of the harp reverberate through the small concert hall as Adina Haroz
fills the space with music.
As Haroz plays, her fingers climb the strings like a spider spinning
a web. Much like the spider, she dances across the instrument knowing
where, when and how to pluck or stroke any string to make beautiful music.
Haroz, a 7th generation Israeli, was born and has lived most of her life
in Jerusalem. She is part of a musical and creative family, her brother
is a professional cellist, her son Nitzan Haroz, is the principal trombonist
with the Philadelphia Orchestra, and her daughter, Motke Haroz, is an illustrator.
In 1997 Adina Haroz founded Inbalim, a center for harp
and small chamber ensembles concerts, located in Zichron Yaakov. Bringing
harp “to the people” Haroz performs weekly concerts every Friday at noon,
as well as private concerts for groups and family celebrations. In the
group concerts, she explains the sounds and history of her harps and gives
her audience a synopsis of the music they are going to hear. Her repertoire
includes classical as well as folk music and her listeners often sing along
to the Irish and Israeli folk music. The effects of her creative hand
are seen throughout the concert hall, with a variety of string instruments
placed on the stage in addition to the three harps, professional, troubadour,
and a small folk harp, that Haroz uses during the concert.
As a child Haroz studied
piano for ten years. At the age of 18 she began learning the harp and
studied at the Rubin Academy for five years.
Her repertoire includes many works that have been dedicated to her,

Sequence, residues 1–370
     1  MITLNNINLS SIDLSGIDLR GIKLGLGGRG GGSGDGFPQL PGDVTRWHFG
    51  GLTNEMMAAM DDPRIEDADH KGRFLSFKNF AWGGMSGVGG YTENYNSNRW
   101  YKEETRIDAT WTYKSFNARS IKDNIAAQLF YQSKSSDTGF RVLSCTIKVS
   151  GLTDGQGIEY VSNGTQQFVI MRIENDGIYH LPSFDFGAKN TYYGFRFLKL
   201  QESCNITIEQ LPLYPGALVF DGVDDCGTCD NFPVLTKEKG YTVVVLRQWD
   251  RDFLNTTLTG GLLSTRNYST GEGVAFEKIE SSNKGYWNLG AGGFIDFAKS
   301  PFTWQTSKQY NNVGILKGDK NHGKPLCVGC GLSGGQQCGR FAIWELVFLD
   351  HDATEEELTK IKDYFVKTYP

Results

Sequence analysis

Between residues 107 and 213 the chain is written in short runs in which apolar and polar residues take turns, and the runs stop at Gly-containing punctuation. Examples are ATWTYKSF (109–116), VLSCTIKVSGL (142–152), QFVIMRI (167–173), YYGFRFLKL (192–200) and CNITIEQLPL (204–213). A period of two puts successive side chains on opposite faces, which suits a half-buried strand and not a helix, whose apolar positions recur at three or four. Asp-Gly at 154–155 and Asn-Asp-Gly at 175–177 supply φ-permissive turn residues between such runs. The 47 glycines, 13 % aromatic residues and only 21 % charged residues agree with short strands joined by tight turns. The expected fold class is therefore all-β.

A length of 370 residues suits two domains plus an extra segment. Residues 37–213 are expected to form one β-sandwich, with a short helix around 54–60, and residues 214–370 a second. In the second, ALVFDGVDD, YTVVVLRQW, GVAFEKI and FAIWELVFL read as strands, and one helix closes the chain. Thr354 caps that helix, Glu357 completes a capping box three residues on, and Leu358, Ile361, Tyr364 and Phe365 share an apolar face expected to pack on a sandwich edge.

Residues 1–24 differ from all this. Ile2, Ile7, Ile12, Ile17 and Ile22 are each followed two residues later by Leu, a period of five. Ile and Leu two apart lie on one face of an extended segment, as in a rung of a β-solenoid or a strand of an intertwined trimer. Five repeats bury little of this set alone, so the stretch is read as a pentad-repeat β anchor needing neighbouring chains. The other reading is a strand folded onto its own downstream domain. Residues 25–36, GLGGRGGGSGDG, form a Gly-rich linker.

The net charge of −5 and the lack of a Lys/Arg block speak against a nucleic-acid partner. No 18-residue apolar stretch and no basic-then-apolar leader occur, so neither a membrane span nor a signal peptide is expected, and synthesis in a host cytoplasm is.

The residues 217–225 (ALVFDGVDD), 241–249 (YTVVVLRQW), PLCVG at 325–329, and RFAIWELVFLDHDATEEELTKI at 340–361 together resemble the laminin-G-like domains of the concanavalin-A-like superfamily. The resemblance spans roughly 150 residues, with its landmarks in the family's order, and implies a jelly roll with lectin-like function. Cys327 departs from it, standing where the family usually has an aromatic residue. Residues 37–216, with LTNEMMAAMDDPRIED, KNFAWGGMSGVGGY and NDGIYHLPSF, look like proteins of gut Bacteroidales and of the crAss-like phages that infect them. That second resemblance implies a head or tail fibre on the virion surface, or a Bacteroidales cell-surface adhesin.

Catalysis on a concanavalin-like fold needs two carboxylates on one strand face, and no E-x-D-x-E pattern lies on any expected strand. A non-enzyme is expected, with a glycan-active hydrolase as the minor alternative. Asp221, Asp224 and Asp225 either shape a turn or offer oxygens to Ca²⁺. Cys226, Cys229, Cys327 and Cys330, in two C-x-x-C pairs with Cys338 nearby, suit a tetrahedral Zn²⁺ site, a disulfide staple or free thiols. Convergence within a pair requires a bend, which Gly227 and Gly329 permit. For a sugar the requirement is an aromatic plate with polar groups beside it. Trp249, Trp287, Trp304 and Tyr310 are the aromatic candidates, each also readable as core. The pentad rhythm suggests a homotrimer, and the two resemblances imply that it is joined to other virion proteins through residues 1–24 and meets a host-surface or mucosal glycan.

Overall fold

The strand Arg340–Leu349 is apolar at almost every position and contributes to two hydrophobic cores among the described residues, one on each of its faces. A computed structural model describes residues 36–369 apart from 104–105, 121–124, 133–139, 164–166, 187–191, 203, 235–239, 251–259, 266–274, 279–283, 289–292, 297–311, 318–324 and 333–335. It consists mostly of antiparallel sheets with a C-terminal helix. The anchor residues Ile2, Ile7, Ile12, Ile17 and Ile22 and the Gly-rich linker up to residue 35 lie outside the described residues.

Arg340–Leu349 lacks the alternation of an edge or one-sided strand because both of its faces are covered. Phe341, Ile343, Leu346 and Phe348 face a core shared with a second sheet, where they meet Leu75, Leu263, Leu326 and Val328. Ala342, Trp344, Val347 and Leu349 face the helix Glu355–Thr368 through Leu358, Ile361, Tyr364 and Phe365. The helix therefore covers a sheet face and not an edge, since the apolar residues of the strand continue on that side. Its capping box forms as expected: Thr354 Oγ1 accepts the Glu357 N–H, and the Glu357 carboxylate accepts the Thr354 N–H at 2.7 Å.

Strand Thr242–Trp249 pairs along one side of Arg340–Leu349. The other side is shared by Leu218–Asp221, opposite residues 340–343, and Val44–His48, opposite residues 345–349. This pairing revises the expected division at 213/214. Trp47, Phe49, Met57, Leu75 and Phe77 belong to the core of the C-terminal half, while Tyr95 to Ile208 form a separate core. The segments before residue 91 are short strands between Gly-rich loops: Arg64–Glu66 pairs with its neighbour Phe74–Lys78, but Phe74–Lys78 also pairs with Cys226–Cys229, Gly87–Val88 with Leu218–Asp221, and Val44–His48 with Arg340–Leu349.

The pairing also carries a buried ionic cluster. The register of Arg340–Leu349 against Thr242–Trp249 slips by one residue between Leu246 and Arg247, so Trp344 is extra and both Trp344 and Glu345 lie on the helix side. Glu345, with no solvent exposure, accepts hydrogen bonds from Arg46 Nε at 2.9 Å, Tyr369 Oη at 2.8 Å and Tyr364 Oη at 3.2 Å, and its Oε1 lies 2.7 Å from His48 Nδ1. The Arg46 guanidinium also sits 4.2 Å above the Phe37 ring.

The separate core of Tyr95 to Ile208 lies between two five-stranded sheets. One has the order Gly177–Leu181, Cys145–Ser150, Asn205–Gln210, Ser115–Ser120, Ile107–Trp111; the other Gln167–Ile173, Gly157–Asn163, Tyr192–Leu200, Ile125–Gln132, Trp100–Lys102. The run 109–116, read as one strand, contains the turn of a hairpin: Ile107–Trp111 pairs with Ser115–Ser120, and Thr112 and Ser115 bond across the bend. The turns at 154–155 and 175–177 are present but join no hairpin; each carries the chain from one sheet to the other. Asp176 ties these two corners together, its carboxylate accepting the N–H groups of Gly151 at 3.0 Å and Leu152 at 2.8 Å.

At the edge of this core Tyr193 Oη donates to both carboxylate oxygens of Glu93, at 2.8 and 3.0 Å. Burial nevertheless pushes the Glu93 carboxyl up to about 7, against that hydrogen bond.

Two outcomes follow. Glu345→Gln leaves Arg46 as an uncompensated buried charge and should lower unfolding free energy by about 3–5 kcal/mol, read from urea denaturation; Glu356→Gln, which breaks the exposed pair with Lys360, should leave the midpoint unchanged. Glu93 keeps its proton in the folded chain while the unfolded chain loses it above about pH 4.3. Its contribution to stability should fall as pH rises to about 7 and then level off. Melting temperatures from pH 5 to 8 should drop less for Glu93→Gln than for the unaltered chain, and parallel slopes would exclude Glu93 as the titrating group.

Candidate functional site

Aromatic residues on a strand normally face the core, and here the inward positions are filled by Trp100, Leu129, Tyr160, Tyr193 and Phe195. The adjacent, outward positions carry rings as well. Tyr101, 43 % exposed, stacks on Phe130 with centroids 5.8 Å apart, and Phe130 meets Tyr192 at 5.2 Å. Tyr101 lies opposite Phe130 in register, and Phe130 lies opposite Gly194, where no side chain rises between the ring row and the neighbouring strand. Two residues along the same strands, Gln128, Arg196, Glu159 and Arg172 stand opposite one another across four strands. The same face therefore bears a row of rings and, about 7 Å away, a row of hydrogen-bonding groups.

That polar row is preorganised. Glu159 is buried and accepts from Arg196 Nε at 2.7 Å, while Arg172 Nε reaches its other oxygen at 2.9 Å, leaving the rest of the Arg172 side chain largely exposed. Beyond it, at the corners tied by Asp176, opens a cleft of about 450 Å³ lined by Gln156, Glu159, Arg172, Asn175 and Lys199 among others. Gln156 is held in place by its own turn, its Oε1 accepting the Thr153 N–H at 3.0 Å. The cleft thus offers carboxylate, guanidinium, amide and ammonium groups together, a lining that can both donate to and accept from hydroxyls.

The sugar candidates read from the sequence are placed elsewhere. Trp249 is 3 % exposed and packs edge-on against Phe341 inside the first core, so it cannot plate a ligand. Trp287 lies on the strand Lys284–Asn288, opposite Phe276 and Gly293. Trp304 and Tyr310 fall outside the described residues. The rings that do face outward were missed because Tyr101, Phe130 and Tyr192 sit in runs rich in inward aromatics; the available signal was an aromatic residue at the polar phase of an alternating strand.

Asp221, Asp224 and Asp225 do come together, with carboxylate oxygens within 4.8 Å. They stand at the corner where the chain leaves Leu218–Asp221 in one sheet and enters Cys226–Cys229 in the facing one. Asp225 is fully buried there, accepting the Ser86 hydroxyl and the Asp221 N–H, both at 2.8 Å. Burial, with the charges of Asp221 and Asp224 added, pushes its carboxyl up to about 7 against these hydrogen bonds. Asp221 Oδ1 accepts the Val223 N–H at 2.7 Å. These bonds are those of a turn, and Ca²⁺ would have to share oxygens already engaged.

including Yehezkel Broun’s Concerto for Harp, which she premiered
with the Israel
Sinfonietta Beer Sheva, conducted by Lars Schneider, and
then with the Israel Chamber Orchestra conducted by Steve Sloan.
Haroz also gave the world premiere of Haim Permont’s Nigun for
Harp and Orchestra, in Seattle, with conductor Christoph Chagnard.
Haroz won prizes for best performance of an Israeli piece, Music
for Nicanor, by Natra, and for her extensive lecture concerts in
Israel. She is a judge for the International Harp Competition in
Israel and has served as a member of the Board of Directors of the World
Lamah Lo?, a children’s book and CD authored by Adina
Haroz and illustrated by her daughter Mitke, is a story about Adina, her
family and their love of music, and is a must have for Hebrew-speaking
Together with her son, trombonist Nitzan Haroz, Haroz founded
the Duo Haroz, performing works specially composed for this
very unique harp and trombone ensemble. Duo Haroz has performed in
Israel, Europe and the United States.
Text and photos
by Michele Kaplan-Green